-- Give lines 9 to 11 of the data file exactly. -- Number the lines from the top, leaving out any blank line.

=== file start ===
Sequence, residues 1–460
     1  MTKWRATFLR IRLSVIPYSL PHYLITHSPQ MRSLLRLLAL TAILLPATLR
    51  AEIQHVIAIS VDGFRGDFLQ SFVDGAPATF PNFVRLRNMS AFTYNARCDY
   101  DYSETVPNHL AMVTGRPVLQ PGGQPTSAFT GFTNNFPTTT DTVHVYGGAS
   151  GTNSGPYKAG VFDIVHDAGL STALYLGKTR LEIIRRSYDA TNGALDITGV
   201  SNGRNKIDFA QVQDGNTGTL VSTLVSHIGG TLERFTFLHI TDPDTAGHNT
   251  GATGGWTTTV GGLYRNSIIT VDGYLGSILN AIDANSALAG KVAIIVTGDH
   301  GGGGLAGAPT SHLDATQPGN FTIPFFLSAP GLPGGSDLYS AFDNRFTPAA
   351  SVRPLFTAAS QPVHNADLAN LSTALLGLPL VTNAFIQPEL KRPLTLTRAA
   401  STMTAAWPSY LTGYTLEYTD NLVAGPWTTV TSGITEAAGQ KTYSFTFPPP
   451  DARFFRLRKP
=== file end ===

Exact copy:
   351  SVRPLFTAAS QPVHNADLAN LSTALLGLPL VTNAFIQPEL KRPLTLTRAA
   401  STMTAAWPSY LTGYTLEYTD NLVAGPWTTV TSGITEAAGQ KTYSFTFPPP
   451  DARFFRLRKP